Former car mechanic turned tenor Alfie Boe talks to Alison Jones about singing, musicals and beards.
Tenor singer Alfie Boe should think about adding Stormy Weather to his repertoire after twice encountering freak conditions on recent tours of America.
“Hurricane Sandy hit our tour in October and we had to cancel one of the shows,” reveals Alfie.
“Thankfully we got out before it struck.
“Then the huge snowfall in New York happened. We got all the shows done but there was a long and scary drive to Pittsburgh in a blizzard.”
With the yo-yoing temperatures Britain has been experiencing recently, who knows what the elements will be throwing at him when he arrives at the NIA next Friday on his Storyteller tour. However, Alfie, aged 39, is confident of a warm reception, even in a venue as large as the arena.
“I have played to bigger crowds than the NIA and there had been a real connection created. I enjoy it. I rise to the occasion and the audience has been right there with me, getting up and dancing, singing along, clapping and having a good time.
“I’ll probably run out into them occasionally.”
If he does, he might encounter one of Alfie’s Arrows. Though it sounds like a rather dangerous idea for tour merchandise, it is in fact a particularly enthusiastic, and organised, breed of fan.
“They’re a group that come to a lot of my shows and they gave themselves that name. I assume they call themselves Arrows from my last name being Boe.”
Though he uses twitter regularly, posting accounts of his life, Alfie tries to keep a professional distance between himself and his admirers.
“I keep myself to myself,” he explains
The man dubbed the “Nation’s Favourite Tenor” does seem to inspire some unusual displays of affection.
“My beard has got its own twitter site. I think it’s called Boe’s Beard.
“I don’t know how it started. Somebody did it who was obviously obsessed with my beard.
“I suppose they are quite fashionable now, through George Clooney, but I’ve had mine for a while. I’ve seen them come and go off a lot of people’s faces.”
Alfie’s travels to America have been part of a campaign to exploit his growing popularity over there.
He was given the perfect introduction thanks to Baz Luhrmann who cast him in his Broadway production of La bohème, a role for which he abandoned his studies on the Royal Opera House’s Young Artists Programme.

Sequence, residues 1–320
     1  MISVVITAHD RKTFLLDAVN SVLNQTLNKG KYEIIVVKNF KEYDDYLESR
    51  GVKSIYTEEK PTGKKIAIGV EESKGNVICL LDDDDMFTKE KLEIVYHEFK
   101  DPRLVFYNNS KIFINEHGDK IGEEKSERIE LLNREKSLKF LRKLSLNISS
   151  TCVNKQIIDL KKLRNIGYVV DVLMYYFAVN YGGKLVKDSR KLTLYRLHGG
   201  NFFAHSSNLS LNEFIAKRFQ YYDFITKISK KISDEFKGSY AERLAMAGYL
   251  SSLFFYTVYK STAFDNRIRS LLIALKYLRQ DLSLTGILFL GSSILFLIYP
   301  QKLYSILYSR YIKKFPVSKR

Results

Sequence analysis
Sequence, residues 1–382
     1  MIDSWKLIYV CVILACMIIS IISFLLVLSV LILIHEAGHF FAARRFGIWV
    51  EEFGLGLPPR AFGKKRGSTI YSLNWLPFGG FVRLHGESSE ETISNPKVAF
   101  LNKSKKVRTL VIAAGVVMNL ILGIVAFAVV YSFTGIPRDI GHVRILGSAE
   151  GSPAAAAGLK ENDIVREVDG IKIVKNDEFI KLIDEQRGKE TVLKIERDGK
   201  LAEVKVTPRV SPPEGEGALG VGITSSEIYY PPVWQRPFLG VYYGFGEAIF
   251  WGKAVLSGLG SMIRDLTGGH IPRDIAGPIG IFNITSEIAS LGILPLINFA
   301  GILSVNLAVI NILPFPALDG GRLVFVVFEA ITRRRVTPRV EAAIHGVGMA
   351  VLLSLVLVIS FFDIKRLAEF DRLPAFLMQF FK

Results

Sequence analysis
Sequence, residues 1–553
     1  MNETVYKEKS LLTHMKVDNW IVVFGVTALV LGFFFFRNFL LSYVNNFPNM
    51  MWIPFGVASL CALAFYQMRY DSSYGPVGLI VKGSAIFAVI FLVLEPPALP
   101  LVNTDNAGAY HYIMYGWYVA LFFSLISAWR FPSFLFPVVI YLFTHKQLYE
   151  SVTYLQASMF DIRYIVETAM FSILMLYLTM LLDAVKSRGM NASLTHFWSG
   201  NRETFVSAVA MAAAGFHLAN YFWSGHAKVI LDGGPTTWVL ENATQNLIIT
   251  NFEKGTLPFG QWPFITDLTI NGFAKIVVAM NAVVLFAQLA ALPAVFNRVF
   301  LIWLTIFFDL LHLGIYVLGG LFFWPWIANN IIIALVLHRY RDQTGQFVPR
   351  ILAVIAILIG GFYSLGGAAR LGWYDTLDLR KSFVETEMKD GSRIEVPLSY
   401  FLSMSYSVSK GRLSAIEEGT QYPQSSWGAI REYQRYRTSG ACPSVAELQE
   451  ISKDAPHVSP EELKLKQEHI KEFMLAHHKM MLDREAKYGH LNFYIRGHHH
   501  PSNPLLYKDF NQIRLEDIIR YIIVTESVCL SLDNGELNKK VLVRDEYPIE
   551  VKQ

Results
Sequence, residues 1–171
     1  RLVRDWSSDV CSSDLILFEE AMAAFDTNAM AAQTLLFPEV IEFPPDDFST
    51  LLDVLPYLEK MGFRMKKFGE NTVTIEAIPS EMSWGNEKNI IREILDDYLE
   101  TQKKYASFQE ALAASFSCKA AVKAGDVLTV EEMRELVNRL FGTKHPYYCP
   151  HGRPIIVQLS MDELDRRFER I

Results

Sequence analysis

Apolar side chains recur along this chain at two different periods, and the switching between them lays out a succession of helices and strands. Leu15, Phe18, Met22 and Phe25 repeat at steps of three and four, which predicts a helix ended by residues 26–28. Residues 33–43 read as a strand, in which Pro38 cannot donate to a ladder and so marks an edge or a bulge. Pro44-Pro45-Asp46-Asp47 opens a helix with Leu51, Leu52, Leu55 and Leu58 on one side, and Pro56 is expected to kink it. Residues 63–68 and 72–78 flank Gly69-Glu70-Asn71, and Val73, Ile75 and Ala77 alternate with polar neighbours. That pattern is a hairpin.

Following a nine-month run on the Great White Way, he toured with the Boston Pops. He also met his wife Sarah over there. They now have two children – Grace and Alfie jnr.
“We have got a big connection with PBS (TV network) over there,” says Alfie. “They came on board when I did the Les Misérables concert and also broadcast my live show from the Royal Festival Hall. “We sparked up a bit of a relationship with them which opened the invitation to go to America.
“There’s a growing fan base and it is getting bigger.”
Though his rendition of Bring Him Home from Les Misérables was the cornerstone of his first album, he was a latecomer to the part of Jean Valjean.
He is now forever linked with it thanks to his show stealing performance in the 02 Arena gala celebrating the musical’s 25th anniversary, when he sang it with three previous Valjeans.
Alfie auditioned to play the parole-dodging prisoner in the recent big screen version.
“I went up for it alongside Hugh Jackman. I went first but I think they had definitely decided on Hugh before I even walked in the room because he’s obviously a big name Hollywood actor.”
One would expect him to be curious about the part that got away, but he says he hasn’t seen it. “I have not had chance. I have been on the road quite a bit so just getting to the cinema is a difficult thing. I’d be fooling myself if I said I didn’t want to be in it, it would have been fantastic, but it was not meant to be.”
He still has hopes of doing films at some point.
“Movies are something I’d love to work towards doing. But there is so much going on with the recording at the moment that is taking up a lot of the time. “Hopefully in the next year or so I’ll be able to get some auditions.”
Of course his own story would make the stuff of a Hollywood biopic – the amateur singer from Lancashire who abandoned a job paint spraying at a TVR factory when a man with connections in the music business overheard him serenading his work mates and told him to audition for D’Oyly Carte.
But would Alfie play Alfie or would the role go to an established movie star?
“It’s not really on the cards so I can’t answer but as long as it’s not Danny DeVito that would be fine,” he laughs.
* Alfie Boe is at the NIA on March 22. For tickets, call 0844 338 8000.